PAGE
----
Virginia's Democratic Gov. Ralph Northam issued a statement Friday apologizing for his decision to appear in a racist photo published in his 1984 medical school yearbook, writing: "I am deeply sorry for the decision I made to appear as I did in this photo and for the hurt that decision caused then and now."

The big picture: A page from Northam's yearbook, obtained Friday by The Virginian-Pilot, shows people wearing blackface and Ku Klux Klan attire. In his statement, Northam did not offer to resign or identify which of the two people is him, but said he is ready to do the "important work" of healing the damage his conduct has caused. He later posted a video on Twitter again apologizing for his actions, and signaled that he would do everything he could to regain his constituents' trust "through the remainder of [his] term."

Statement:

“Earlier today, a website published a photograph of me from my 1984 medical school yearbook in a costume that is clearly racist and offensive. 
“I am deeply sorry for the decision I made to appear as I did in this photo and for the hurt that decision caused then and now.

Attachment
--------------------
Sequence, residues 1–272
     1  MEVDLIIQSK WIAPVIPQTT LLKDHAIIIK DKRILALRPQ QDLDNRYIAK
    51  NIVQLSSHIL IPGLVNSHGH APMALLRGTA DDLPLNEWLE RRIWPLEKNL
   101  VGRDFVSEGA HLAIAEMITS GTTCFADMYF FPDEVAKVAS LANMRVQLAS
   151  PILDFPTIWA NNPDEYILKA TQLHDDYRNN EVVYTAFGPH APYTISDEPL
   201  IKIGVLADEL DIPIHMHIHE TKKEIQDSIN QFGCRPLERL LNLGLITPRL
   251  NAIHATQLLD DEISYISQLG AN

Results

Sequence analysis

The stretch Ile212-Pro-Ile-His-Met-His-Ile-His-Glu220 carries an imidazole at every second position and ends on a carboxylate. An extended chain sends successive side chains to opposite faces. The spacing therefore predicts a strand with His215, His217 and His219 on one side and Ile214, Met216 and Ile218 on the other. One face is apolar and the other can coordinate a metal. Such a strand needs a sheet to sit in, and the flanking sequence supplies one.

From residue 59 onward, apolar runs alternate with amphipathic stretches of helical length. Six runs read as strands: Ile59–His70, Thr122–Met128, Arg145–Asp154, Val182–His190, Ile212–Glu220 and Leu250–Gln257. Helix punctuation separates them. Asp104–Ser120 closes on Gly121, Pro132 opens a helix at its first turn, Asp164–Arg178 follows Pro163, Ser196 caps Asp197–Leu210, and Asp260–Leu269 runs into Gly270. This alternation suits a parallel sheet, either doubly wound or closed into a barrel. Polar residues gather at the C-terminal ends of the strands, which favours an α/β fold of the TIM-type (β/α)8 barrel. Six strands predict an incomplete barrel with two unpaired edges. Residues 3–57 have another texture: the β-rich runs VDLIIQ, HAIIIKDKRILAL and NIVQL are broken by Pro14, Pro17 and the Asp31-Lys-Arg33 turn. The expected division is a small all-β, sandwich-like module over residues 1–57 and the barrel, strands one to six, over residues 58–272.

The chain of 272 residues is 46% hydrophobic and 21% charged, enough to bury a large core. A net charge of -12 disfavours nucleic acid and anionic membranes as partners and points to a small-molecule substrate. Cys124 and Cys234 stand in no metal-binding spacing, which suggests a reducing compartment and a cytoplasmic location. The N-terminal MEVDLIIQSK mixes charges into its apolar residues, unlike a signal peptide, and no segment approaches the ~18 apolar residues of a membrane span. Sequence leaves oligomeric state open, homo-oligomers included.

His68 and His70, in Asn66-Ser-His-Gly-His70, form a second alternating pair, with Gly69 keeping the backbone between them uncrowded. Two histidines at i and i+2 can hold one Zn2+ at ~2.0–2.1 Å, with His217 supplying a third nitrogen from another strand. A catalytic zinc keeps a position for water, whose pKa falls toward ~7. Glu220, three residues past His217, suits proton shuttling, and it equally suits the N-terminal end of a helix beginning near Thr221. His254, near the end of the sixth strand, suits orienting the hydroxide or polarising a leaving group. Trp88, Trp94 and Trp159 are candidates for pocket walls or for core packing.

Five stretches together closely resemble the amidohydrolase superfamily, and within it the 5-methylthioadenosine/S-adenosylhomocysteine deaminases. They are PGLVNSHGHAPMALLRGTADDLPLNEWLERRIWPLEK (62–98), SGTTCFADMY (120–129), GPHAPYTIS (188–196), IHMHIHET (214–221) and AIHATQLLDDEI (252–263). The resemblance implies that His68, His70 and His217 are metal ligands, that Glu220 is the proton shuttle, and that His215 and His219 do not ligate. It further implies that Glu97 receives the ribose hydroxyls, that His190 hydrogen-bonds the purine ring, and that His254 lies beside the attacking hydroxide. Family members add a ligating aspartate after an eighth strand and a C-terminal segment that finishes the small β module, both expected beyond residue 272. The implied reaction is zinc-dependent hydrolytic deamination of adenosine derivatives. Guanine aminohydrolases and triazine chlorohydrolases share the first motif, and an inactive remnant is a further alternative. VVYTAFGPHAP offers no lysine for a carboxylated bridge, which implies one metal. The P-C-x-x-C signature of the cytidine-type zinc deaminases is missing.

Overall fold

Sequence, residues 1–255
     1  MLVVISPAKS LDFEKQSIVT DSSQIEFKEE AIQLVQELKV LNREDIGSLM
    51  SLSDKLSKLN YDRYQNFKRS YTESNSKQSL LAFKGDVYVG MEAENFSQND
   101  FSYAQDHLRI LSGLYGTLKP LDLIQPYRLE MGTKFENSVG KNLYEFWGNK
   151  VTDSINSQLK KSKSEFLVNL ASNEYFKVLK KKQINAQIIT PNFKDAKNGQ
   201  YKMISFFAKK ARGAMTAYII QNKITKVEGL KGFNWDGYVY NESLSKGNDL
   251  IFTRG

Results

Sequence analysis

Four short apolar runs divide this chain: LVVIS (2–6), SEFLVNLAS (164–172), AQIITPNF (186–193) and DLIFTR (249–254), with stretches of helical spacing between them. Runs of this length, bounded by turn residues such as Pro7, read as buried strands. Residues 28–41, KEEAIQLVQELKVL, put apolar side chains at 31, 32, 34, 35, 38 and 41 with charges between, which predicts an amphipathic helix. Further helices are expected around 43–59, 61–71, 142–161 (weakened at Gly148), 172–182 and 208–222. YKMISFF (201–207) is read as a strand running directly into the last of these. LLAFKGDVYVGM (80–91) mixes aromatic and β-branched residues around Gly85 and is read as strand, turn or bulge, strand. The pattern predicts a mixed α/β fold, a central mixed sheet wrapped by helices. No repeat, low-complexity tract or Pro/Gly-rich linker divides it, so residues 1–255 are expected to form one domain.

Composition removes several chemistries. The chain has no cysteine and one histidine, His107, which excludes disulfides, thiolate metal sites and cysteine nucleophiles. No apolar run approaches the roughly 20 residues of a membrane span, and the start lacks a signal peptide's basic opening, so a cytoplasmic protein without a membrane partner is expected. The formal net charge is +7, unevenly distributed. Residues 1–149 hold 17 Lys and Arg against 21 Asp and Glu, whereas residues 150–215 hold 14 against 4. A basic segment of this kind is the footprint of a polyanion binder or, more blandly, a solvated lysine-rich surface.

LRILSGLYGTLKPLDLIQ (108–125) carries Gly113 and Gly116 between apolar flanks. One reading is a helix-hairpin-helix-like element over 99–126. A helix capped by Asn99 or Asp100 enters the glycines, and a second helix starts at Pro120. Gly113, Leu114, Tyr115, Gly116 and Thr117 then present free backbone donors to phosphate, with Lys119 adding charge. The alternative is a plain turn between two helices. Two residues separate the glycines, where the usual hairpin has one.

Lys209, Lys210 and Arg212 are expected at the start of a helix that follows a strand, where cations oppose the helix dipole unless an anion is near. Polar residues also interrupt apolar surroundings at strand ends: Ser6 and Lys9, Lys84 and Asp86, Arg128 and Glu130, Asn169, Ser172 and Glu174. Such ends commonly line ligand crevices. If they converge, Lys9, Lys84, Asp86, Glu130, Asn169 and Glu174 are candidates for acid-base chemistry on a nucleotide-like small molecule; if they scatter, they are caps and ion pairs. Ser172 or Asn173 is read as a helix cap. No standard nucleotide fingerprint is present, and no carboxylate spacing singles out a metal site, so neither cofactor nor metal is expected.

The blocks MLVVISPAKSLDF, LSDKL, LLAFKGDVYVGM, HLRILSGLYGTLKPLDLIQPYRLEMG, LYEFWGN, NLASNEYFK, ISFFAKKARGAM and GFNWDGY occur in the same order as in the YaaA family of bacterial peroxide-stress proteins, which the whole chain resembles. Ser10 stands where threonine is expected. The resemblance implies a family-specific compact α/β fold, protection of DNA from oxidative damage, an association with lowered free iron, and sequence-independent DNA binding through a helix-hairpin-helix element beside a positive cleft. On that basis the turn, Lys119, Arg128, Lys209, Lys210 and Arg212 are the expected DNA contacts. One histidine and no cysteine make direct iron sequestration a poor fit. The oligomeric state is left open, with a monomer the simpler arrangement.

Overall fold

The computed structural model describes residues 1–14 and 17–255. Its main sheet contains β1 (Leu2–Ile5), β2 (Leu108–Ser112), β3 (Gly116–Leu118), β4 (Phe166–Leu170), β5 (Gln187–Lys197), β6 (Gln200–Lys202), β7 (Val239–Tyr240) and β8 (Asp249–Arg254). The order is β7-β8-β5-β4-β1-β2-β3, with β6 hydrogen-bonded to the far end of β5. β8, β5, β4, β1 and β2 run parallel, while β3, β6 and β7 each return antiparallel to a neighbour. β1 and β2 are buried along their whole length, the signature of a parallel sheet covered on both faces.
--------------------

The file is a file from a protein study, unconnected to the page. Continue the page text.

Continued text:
“This behavior is not in keeping with who I am today and the values I have fought for throughout my career in the military, in medicine, and in public service. But I want to be clear, I understand how this decision shakes Virginians’ faith in that commitment.
“I recognize that it will take time and serious effort to heal the damage this conduct has caused. I am ready to do that important work. The first step is to offer my sincerest apology and to state my absolute commitment to living up to the expectations Virginians set for me when they elected me to be their Governor.”

Video:

Go deeper ... What they're saying: Officials condemn Northam's racist yearbook photo

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